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High Alcohol Wines

High Alcohol Wines

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Published by: wtdocuments on Sep 05, 2011
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Dining In: The Hard Stuff Now Includes Wine
The New York Times, New York, NYWednesday, April 13, 2005By Eric AsimovNot so many years ago, back when Americans sought out compact cars
and calculated their gas mileage, most California wines clocked in aneconomical 12 to 13 percent alcohol. It was perhaps a shade higher thanwhat their European colleagues achieved, but California was blessed withgenerous sunshine that made ripening grapes an easier proposition thanin the cooler climates of Bordeaux and Burgundy.Twenty-five years later, the 12 percent California wine seems as quaint as
the gas-saving hatchback. Today it’s the rare bottle from California, red orwhite, that doesn’t reach 14 percent alcohol. Many now hit 15, even 16percent, a difference that may seem insignificant until you realize that a15 percent bottle contains 25 percent more alcohol than one labeled 12percent.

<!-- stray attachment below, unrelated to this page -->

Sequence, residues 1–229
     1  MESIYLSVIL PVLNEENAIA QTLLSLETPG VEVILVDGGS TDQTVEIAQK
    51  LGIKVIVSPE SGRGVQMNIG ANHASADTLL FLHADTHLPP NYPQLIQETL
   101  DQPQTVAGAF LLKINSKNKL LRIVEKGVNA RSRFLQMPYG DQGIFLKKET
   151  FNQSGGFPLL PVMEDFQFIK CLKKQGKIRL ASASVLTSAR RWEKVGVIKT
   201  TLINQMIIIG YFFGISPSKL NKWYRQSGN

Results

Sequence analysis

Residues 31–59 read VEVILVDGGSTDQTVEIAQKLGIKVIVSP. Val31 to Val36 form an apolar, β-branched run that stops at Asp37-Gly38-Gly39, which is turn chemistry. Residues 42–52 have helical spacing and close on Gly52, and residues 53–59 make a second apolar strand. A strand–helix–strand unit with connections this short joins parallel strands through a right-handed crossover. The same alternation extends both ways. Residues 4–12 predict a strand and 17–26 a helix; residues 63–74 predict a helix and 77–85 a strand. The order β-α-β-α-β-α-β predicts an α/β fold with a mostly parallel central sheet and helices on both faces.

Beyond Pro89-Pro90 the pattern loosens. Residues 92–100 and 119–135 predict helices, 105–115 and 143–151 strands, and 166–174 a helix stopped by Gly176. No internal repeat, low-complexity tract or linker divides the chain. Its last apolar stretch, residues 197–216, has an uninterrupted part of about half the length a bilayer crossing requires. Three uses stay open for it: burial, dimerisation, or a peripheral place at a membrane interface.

Casual consumers seem to pay little attention to the small print on thelabel that indicates the approximate alcohol content. And while theseextreme wines do not hide their alcohol levels, few winemakers trumpetthem, either.In fact, many of these wines come from some of California’s most criticallyacclaimed producers, who charge from $25 to $100 or more a bottle.Clearly, consumers intent on intoxication can find far cheaper pathways,like a bottle of bourbon with 40 percent alcohol.But among California producers and those who follow wine closely, thewines have provoked sharp debate.Opponents have called them wines on steroids, and insist that thequalities of elegance and subtlety, and the ability to evolve gracefully withage, so prized in traditional wines, are completely lost. Wine’s place onthe dinner table, they say, is in danger, too. These wines, they argue,overwhelm food instead of enhancing it. High alcohol can create theimpression of sweetness, which can clash with food. And then there’s theheadache factor, not to mention the issue of driving. “You raise the alcohol just a couple percent in wine, and you changepeople’s experience,” said Andrew Murray, a wine-maker in Santa BarbaraCounty, who says he has tried taming the alcohol in his wines. “The oldconcept, my wife and I can split a bottle of wine with dinner, is no longertrue.” Proponents say the alcohol level is irrelevant, as long as the wines arebalanced and taste good. They complain that opponents are judging themby Old World benchmarks. These producers assert that they are carvingout an identity for California in the most traditional fashion, by allowingthe wines to reflect the characteristics of the soil and climate in which thegrapes are grown. They contend that higher alcohol levels are not a flawas long as other factors, like acidity, which gives wine a zing, and tannins,which give it structure, do their part. “We’re not trying to be Burgundy, we’re not trying to be California pinot,”